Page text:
The boy's father, Hafed, rushed him to Jenin Hospital, but they had no anti-serum, so they sent him by ambulance to the Emek Medical Center in Afula.
    Hafed later related that he was genuinely afraid to be taken to Israel because he was sure that they would be ignored.
    At the hospital both the father and son were immediately greeted in Arabic and rushed into the ER where the multi-ethnic staff administered life-saving anti-serum and brought the boy back from the brink of death.
    The boy's father later said, "Our people do not know the truth about you....My son and I are not the same as we were before this happened and I will share this with my family and friends. May Allah bless all of you."

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Hamas Wants a "Final Solution"; Its Supporters Must Know That - Clifford D. May (National Review)
    One of the flotilla's organizers, Greta Berlin, a 68-year-old American with a background in theater and communications, was candid enough to acknowledge that the flotilla's primary purpose was not to deliver aid but to stop Israel from inspecting cargo heading for Gaza.
    Israel does that in order to reduce the number of missiles, explosives, and other weapons Hamas receives. In other words, Berlin wants to increase Hamas' ability to wage war against Israel - knowing that more Israelis and more Palestinians will be killed as a result.
    "War is peace," George Orwell wrote in 1984. In 2010, war activists are peace activists.
    Actually, it's worse: Even arms smugglers are peace activists - so long as they are smuggling arms to be used to murder Israelis.
    The writer is president of the Foundation for Defense of Democracies.

The Gaza Blockade Is About Saving Civilians - Asaf Shariv (New York Post)
    Imagine being an airport-security worker faced with a man who refuses to be searched. He explains that he means no harm and is simply bringing gifts to his loved ones. Would you just let him through?
    What if he then assaults you or your staff, runs to his terminal and tries to board the plane. Would you let him? After all, he's only bringing gifts.
    The writer is the Israeli consul general in New York.

43 Nations Agree on Rules for Returning Real Estate Stolen by Nazis - Karel Janicek (AP)
    43 countries announced Wednesday in Prague that they would try harder to return real estate stolen by the Nazis, opening archives and processing claims for restitution faster, as they approved the first set of nonbinding global guidelines for returning the real estate to its rightful owners or heirs.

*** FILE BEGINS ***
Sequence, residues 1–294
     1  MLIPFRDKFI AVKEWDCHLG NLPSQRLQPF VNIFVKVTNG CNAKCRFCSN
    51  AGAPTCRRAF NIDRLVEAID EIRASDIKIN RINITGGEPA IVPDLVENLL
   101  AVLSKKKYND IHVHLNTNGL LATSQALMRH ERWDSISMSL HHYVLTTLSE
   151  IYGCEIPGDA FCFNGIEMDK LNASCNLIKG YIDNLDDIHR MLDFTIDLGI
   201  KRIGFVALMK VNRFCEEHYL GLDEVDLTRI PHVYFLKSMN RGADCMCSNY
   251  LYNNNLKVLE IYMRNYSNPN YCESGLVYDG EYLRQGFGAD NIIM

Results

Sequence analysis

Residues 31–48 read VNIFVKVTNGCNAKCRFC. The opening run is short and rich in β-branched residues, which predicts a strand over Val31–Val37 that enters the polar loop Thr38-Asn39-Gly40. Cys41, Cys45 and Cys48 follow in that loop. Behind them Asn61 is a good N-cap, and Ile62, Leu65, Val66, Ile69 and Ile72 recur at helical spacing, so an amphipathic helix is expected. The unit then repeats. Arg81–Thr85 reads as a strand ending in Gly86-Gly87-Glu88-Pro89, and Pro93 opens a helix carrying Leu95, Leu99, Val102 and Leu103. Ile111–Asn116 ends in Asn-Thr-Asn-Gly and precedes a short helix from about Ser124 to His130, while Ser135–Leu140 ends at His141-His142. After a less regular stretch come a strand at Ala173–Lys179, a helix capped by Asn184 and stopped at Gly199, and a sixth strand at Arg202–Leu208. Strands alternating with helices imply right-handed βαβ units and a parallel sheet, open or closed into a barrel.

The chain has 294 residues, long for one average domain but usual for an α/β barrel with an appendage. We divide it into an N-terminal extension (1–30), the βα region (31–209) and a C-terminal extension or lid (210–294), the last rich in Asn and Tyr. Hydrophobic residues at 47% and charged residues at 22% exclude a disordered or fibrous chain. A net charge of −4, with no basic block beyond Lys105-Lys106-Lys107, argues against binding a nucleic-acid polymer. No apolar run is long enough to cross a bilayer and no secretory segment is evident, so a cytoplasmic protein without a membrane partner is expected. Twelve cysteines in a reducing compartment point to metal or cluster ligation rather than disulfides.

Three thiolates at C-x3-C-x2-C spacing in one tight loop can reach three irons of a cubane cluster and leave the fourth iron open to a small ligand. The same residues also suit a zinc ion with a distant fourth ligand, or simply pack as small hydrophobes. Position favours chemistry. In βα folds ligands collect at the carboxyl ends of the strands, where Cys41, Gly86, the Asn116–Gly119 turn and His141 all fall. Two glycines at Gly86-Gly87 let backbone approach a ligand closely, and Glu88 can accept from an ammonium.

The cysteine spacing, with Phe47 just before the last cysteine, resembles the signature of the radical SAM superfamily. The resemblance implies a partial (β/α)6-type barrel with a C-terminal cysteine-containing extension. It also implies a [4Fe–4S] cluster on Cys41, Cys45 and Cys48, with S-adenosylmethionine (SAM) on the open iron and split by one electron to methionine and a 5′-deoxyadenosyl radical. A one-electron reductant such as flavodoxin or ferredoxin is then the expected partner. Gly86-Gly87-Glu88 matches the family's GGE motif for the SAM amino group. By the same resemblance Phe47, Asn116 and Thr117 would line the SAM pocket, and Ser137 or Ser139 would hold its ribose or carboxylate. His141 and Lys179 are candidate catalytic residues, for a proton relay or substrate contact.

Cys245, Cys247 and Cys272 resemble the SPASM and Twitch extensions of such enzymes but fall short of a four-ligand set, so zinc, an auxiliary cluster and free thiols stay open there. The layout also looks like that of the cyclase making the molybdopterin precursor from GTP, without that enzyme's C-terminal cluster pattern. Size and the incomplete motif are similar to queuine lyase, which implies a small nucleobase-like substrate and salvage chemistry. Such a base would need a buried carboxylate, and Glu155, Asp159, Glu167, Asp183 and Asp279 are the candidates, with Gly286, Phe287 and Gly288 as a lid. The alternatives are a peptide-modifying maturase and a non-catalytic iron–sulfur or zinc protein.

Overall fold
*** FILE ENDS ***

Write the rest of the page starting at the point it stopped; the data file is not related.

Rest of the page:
"We've made a major advance in providing belated justice to victims and their families," said Stuart Eizenstat, a special adviser to the U.S. Secretary of State on Holocaust issues.
    Before the Holocaust, Jews owned property in Europe worth $10-15 billion at the time, according to a 2007 study by economist Sidney Zabludoff. Most was taken and never returned or paid for.
    Many Western European governments paid restitution for only a fraction of the stolen assets, while Eastern European countries paid almost nothing at all.

Israeli-Developed Optical Radar Could Bring Sight to the Blind - Jason Ford (The Engineer)
    Students at Ben-Gurion University in Israel have developed an optical radar system that helps blind people maneuver around obstacles
    Prof. Shlomi Arnon said the system scans the surroundings from two different angles, and an audible alert is sounded if an obstacle is detected.

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    31 prominent American Jews write about the crisis in American-Israel relations and the role of American Jewry.

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News Resources - North America, Europe, and Asia:

  • U.S., Allies Move Forward after New UN Security Council Sanctions Against Iran - Kent Klein
    The U.S. and its allies are pursuing further steps to halt Iran's nuclear program, after the UN Security Council on Wednesday approved sanctions against Tehran. White House Press Secretary Robert Gibbs said, "UN sanctions are not a magic bullet. There are steps that we can take as a government, and have. There are steps that Congress will take, as part of our government. There are steps that the European Community and our allies throughout the world may take."
        The speaker of the House of Representatives, Nancy Pelosi, says the U.S. sanctions will target Iran's petroleum industry. House Foreign Affairs Committee Chairman Howard Berman says Congress will pass the sanctions later this month. European leaders are expected to agree next week to impose sanctions on Iranian banks and insurance companies, with a final vote expected in July. (VOA News)
        See also U.S. Sources: Turkey Vote Against Iran Sanctions - a Slap in the Face - Natasha Mozgovaya (Ha'aretz)
  • Russia: Sanctions "Will Not Affect" Iran Missile Deal